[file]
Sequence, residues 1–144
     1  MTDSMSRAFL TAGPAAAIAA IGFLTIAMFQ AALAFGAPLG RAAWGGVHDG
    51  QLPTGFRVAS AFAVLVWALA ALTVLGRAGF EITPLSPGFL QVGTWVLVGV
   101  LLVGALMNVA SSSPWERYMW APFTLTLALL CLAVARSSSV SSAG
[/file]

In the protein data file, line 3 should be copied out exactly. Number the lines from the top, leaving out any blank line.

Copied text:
    51  QLPTGFRVAS AFAVLVWALA ALTVLGRAGF EITPLSPGFL QVGTWVLVGV